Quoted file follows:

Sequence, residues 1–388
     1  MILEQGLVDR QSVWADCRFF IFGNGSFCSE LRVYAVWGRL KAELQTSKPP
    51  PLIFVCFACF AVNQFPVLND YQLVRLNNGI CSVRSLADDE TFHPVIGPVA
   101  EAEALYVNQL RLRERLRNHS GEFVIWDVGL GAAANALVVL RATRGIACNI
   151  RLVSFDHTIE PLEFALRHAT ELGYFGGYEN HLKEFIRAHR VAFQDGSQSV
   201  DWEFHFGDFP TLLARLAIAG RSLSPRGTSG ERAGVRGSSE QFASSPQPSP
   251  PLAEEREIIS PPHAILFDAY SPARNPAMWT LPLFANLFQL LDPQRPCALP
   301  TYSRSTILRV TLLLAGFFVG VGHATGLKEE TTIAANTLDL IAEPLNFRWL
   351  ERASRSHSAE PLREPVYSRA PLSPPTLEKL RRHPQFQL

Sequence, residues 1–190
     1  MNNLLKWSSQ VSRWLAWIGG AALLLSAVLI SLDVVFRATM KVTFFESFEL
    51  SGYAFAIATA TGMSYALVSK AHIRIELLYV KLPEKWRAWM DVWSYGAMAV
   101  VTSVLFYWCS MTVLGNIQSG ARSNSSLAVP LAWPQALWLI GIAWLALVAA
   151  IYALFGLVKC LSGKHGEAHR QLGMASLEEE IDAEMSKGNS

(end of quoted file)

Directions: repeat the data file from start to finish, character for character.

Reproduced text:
Sequence, residues 1–388
     1  MILEQGLVDR QSVWADCRFF IFGNGSFCSE LRVYAVWGRL KAELQTSKPP
    51  PLIFVCFACF AVNQFPVLND YQLVRLNNGI CSVRSLADDE TFHPVIGPVA
   101  EAEALYVNQL RLRERLRNHS GEFVIWDVGL GAAANALVVL RATRGIACNI
   151  RLVSFDHTIE PLEFALRHAT ELGYFGGYEN HLKEFIRAHR VAFQDGSQSV
   201  DWEFHFGDFP TLLARLAIAG RSLSPRGTSG ERAGVRGSSE QFASSPQPSP
   251  PLAEEREIIS PPHAILFDAY SPARNPAMWT LPLFANLFQL LDPQRPCALP
   301  TYSRSTILRV TLLLAGFFVG VGHATGLKEE TTIAANTLDL IAEPLNFRWL
   351  ERASRSHSAE PLREPVYSRA PLSPPTLEKL RRHPQFQL

Sequence, residues 1–190
     1  MNNLLKWSSQ VSRWLAWIGG AALLLSAVLI SLDVVFRATM KVTFFESFEL
    51  SGYAFAIATA TGMSYALVSK AHIRIELLYV KLPEKWRAWM DVWSYGAMAV
   101  VTSVLFYWCS MTVLGNIQSG ARSNSSLAVP LAWPQALWLI GIAWLALVAA
   151  IYALFGLVKC LSGKHGEAHR QLGMASLEEE IDAEMSKGNS